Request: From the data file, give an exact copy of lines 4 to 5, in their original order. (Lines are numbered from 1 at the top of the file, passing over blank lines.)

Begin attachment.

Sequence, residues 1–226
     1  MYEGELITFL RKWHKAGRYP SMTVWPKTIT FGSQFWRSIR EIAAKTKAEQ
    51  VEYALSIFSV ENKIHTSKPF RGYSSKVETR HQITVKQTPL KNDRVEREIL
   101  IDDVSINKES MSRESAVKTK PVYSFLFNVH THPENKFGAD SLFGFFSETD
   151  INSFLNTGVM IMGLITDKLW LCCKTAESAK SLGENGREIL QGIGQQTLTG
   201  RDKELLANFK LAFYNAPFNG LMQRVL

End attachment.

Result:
   101  IDDVSINKES MSRESAVKTK PVYSFLFNVH THPENKFGAD SLFGFFSETD
   151  INSFLNTGVM IMGLITDKLW LCCKTAESAK SLGENGREIL QGIGQQTLTG